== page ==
If you struggle with spending enough time outside in nature, here are some tips for getting out there more often with your kids:

  • Embrace the dirt. Dirt is good for kids’ immune systems (and may even make us happier and smarter), and mud is great for sensory play, so don’t be afraid to let them get messy. Just hose ‘em down when it’s time to go inside.
  • Be prepared. I always keep outdoor essentials in my diaper bag: sunscreen, a few bug spray wipes, hat, wet/dry bag with a spare outfit, and water bottles. In the summer heat, we head for spots with shade and water, and my son almost always wears water-friendly shoes, like Natives or Crocs. In the winter, we dress in layers. That way, there’s never an excuse to miss out on outdoor fun.
  • Have a picnic. An easy way to clock some time in nature is to have an outdoor picnic. One night nobody felt like cooking, so we picked up some sandwiches from Thundercloud Subs and hiked down to Gus Fruh on the Greenbelt for an easy dinner al fresco. And if we’re going to a park (or the Wildflower Center or Nature and Science Center) for a playdate, we always pack a lunch so we can extend our outdoor time.
  • Join a group. Free Forest School leads free weekly meetups at various nature areas all over the city. Hike It Baby hosts family-friendly hikes, and Tinkergarten offers play-based outdoor classes.
  • Plant flowers or a garden. It’s good for the planet and good for wildlife, and it will give you a reason to get outside several days a week. Plus, kids will get the satisfaction of seeing their seeds progress and grow.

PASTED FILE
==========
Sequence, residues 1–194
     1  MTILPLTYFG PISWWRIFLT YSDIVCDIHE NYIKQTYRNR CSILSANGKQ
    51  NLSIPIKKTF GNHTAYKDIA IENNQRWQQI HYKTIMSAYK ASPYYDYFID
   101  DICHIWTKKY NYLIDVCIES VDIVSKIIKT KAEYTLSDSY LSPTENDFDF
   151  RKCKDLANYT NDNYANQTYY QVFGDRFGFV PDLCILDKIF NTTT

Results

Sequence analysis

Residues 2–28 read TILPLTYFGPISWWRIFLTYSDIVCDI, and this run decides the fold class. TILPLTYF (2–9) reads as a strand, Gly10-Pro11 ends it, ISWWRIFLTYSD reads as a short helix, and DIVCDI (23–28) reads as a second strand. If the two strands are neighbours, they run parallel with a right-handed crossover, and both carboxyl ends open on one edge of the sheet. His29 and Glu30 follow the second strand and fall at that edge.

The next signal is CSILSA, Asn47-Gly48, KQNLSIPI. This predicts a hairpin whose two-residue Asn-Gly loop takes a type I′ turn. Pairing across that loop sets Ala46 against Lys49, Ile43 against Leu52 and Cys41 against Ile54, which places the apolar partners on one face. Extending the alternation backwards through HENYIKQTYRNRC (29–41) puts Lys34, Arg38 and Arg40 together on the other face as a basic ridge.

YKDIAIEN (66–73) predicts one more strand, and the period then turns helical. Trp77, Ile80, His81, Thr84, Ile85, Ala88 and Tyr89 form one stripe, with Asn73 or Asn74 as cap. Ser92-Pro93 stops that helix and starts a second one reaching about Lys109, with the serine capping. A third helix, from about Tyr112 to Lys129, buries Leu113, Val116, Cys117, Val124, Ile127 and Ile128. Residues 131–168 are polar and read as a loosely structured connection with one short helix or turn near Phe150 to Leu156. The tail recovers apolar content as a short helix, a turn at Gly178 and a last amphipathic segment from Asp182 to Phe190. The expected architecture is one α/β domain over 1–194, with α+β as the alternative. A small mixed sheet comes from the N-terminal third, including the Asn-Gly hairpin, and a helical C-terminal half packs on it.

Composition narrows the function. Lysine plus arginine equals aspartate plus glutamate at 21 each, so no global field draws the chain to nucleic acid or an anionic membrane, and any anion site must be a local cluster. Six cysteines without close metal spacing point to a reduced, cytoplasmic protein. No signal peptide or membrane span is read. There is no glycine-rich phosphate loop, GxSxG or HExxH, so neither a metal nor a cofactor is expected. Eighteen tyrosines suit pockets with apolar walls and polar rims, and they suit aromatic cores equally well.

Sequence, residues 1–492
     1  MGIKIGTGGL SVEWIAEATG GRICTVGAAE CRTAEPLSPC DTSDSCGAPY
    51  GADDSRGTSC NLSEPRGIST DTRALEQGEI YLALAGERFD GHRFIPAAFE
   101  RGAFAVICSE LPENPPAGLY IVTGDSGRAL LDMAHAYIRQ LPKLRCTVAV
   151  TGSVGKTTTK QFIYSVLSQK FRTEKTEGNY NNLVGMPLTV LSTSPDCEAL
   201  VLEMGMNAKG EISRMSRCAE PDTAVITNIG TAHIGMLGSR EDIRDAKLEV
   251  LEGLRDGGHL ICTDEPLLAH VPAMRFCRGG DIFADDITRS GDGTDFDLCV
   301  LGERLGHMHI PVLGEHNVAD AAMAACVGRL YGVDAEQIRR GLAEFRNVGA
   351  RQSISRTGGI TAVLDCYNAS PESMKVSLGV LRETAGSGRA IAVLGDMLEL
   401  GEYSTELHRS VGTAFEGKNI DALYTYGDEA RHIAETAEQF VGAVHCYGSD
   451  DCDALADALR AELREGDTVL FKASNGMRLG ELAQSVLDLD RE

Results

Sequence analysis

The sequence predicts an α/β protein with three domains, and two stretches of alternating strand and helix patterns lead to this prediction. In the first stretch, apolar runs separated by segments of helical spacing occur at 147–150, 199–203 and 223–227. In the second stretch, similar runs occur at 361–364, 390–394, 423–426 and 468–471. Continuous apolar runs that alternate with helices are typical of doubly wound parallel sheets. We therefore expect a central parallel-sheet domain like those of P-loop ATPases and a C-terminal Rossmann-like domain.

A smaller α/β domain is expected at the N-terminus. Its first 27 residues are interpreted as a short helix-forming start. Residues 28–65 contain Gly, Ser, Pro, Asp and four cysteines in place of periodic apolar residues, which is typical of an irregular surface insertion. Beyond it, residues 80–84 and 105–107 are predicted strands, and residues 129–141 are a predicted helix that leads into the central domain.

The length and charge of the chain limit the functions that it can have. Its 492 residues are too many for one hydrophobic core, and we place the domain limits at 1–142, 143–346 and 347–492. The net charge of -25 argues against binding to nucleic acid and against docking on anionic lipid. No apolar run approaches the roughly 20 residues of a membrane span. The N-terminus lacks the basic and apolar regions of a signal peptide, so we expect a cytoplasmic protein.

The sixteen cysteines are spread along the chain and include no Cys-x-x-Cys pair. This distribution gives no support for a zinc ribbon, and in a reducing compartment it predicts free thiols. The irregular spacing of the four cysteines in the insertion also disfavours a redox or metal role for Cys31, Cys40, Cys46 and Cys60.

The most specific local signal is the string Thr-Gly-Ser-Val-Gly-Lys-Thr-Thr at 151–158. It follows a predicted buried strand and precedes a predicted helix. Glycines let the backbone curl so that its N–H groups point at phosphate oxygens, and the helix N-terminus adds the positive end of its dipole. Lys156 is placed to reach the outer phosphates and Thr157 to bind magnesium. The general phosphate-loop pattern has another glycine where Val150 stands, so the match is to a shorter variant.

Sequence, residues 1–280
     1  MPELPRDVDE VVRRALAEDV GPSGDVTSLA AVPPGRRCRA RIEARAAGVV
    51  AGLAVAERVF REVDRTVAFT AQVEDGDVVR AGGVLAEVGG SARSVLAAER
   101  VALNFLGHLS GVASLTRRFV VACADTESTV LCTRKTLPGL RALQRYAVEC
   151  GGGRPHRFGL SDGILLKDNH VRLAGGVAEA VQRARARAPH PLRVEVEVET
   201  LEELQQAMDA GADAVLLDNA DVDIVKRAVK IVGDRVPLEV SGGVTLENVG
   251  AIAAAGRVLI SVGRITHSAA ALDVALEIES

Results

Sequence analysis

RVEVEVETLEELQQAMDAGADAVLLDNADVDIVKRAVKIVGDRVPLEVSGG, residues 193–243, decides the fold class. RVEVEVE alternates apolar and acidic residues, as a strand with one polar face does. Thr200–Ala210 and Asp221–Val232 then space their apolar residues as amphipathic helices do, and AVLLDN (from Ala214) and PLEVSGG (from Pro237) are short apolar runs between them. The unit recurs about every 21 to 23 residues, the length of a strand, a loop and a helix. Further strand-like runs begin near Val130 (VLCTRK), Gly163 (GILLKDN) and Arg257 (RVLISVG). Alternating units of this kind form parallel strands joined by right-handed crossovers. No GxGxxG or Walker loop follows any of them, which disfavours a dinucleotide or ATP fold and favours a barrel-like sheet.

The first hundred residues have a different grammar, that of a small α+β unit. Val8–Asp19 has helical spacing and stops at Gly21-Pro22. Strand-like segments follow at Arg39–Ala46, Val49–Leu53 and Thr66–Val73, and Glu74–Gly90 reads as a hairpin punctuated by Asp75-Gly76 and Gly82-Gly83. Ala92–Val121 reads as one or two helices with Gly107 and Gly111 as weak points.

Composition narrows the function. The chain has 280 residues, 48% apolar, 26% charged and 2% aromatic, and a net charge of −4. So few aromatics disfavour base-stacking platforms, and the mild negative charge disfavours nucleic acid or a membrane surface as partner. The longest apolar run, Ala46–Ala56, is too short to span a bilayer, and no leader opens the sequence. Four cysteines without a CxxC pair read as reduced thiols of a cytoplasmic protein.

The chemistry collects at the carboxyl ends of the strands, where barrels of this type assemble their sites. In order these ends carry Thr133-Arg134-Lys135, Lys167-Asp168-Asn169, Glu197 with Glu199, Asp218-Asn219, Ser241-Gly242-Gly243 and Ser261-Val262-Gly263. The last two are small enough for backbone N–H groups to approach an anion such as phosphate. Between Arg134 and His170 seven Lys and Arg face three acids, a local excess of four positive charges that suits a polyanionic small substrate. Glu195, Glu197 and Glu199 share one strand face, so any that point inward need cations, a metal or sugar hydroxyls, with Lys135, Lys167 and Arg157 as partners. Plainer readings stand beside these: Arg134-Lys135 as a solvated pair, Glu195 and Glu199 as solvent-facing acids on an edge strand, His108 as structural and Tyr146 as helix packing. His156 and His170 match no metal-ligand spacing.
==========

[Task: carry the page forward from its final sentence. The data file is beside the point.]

• Explore wildlife. Get a book or an app to learn about local plants and animals, and try to identify some on your next outing. Even if you can’t identify something, just taking the time to point out a fascinating bug or flower helps your child gain an appreciation for the natural world.
  • Get creative:
    • Go on a treasure hunt. Make a short list of items (a mix of challenging and easy things that can be found high and low, that incorporate all of the senses) for your kids to look for outside.
    • Do an art project. Turn a piece of masking tape into a bracelet and collect items on a hike to stick to the bracelet. Use rocks or shells to create shapes or pictures. Make a flower crown. The possibilities are endless!
    • Build something. Like a rock tower, a fairy house, or even a water dam.
    • Start a collection. We often hear about the “leave no trace” principle, but some research shows that for kids, it can inhibit their bonding with nature. So let your kids bring home a few flowers, rocks, or shells to add to their nature collections.
  • Let go a little. As parents, we often feel an urge to direct our children and interfere too much with their play. But child-driven play is essential to development, and being outside in nature is a great time to take a step back and let your child take the lead. If you’re hiking, let them stop as long as they want to look at whatever catches their interest; don’t rush them along. Let them get covered in mud. Let them take risks with their climbing and balance. Give them the space they need to develop their skills and confidence.

What are your favorite ways to get your kids outside?